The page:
When the last climb arrived, it was a huge sigh of relief. My last slog up the hill was more than a bit pathetic, (a friend I encountered happily described it as such) but it turned out my early efforts paid off, finishing up an almost respectable 12th out of 50 some dudes.
That’s racing! I was just happy it was over, and unlike time DH race runs, I got a lot of racing for my buck. Then my outlook shifted and for the next hour my short term goals revolved around finding cold beer to drink— I earned that sh*t.
I was very anxious for my first XC race with no idea what to expect. While I’m in relatively good shape, and have been putting an effort in to ride four times a week, I can never keep up with Jason once he turns on the gas. I’ve added road rides to supplement my mountain bike rides but had been having a hard time learning how to recover and get to the next level of fitness. 3 weeks prior to the event, I purchased my first heart rate monitor, started riding my road bike a bit more at a higher cadence, and did some interval training. Since I don’t have an XC race bike I borrowed my friend Ian Massey’s light weight XC hard tail and spent a few days familiarizing myself with riding a hard tail again. I also spent Labor Day weekend at McLaren Park practicing the course. I knew my biggest challenge would be the initial road sprint and passing riders at a fast pace (something I am not normally comfortable with)
I was filled with so much nervous energy I had barely slept the night before and had an equally hard time eating breakfast forcing food down. I just wanted to get it over with. Arriving 60 minutes ahead of my 9:40am start time I immediately signed in, grabbed a coffee, and chatted with fellow riders and friends. At 9:00am I hopped on my bike and started warming up on the steep paved hill at the start of the race. Being asthmatic, I wasn’t worried about my legs as much as I was about my lungs. After 20 minutes, I felt like my lungs were open (the morning pedal to Bart and to the venue helped a lot) and my legs were working.
The Beginner Men were the first to line up, next up was the Beginner Women 36+, and then it was my turn. There were 8 women racing in my category and I knew 3 of them; all strong riders whom I’ve ridden with before.
When the timer went off, the adrenaline kicked in and I was spinning quickly up the hill, keeping within my 80% target hear rate zone. When I looked back, I was shocked to see I had a pretty big gap right off the start. As I pedaled onto the course picking up speed, I started passing a few women from the group ahead; then some of the beginner men. Thankfully, when I yelled “on your left” I was actually given room to pass. As I was nervous about passing, I was very grateful for the race etiquette. Feeling confident descending, on the first downhill I passed another group of riders. Taking turns fast on the inside and I managed to pass a couple more riders.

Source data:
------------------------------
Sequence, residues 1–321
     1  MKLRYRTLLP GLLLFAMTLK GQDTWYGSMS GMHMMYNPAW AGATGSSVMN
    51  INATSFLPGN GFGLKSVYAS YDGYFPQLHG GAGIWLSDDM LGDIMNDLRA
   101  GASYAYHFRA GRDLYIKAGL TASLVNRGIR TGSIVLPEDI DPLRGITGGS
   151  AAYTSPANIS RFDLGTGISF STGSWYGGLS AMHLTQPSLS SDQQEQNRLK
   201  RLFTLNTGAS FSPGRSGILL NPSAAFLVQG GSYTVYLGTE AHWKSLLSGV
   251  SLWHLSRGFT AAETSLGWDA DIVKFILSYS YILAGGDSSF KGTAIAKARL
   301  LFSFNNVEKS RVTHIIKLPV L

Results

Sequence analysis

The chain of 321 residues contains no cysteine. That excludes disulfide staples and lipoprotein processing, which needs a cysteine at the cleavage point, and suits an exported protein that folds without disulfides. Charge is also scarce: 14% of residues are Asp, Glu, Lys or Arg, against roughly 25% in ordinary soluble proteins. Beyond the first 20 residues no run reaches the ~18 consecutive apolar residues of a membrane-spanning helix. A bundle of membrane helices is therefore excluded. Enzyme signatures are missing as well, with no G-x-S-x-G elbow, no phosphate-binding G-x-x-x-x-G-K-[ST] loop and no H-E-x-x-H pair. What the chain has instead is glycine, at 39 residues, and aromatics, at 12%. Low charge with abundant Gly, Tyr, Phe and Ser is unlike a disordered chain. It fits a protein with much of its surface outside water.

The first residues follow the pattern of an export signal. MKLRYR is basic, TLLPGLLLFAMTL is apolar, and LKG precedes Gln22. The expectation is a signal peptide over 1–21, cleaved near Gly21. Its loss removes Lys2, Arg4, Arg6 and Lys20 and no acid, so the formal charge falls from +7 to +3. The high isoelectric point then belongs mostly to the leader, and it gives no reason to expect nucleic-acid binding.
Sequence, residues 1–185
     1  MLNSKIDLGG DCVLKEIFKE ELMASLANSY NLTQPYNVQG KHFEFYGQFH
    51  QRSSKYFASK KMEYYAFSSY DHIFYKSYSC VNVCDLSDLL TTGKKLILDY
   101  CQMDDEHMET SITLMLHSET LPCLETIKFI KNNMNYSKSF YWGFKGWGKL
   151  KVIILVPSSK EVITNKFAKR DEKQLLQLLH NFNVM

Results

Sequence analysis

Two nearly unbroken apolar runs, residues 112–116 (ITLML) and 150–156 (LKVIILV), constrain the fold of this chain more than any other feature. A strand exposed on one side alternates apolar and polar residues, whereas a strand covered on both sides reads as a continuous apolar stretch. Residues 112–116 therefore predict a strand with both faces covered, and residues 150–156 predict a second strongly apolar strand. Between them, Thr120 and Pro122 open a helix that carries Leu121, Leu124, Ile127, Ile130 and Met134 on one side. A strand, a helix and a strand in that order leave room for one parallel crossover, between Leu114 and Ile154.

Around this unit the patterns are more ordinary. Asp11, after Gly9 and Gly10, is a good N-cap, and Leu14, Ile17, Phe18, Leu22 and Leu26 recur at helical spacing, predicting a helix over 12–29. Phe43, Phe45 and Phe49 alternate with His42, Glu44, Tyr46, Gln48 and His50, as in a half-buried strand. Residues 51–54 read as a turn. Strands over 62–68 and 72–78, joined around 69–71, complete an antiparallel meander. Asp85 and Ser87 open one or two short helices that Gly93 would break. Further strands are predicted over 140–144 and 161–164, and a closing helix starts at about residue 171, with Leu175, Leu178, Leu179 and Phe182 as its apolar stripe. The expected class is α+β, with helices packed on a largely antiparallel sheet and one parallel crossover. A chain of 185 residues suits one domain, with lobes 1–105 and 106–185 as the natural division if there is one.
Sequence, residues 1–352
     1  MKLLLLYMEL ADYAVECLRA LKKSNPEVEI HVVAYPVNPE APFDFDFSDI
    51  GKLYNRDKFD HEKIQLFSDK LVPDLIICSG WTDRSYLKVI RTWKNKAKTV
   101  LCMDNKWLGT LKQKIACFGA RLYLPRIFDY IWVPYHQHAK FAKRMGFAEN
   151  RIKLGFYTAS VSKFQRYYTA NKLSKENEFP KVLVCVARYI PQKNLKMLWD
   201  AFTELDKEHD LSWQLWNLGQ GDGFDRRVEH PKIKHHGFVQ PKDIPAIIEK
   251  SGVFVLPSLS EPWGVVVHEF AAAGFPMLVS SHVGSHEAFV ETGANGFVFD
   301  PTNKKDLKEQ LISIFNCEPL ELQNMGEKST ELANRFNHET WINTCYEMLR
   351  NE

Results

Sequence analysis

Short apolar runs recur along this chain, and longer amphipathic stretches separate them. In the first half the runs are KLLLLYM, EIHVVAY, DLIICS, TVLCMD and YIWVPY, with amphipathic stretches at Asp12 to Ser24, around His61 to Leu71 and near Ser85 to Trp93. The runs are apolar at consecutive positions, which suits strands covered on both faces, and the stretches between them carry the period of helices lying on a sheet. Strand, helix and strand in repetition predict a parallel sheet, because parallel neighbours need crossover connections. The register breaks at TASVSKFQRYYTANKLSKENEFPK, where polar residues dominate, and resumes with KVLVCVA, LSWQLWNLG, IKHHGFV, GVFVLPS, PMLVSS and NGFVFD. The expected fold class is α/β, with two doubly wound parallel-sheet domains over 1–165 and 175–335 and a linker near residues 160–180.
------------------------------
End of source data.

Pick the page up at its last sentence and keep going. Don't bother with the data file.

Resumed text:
After the first lap, I was feeling very confident. I knew I had it and could pull back a bit because the next woman in my category was so far behind me that I couldn’t see her. Maybe I’m pretty decent at this XC thing after all! I spun up the paved hill, passing yet another group of men, and let myself recover on the single track behind a group of beginner men before blasting past them on the downhill.
I don’t remember much after that; just pedaling and recovering all while trying to stay smooth and relaxed. Once I approached the pavement stretch to the finish line, one of the women in the category ahead thought I was in her group and started to put on the gas. I couldn’t let her pass me, so I stood up to sprint and made it to the finish line with a first place finish!
That was awesome!
Overall the vibe on site was awesome, and the venue was packed with riders and spectators. Having spent several weekends creating marketing materials, getting them printed and then hitting the streets passing them out and talking up the event, it was extremely gratifying to see the riding community come out to support the race, and the first major fundraiser for the McLaren Bike Park. Big thanks to all the volunteers, and all the folks that came out.
Hopefully we’ll do it again next year and we’ll have a pump track race and possibly a dual slalom added to the mix!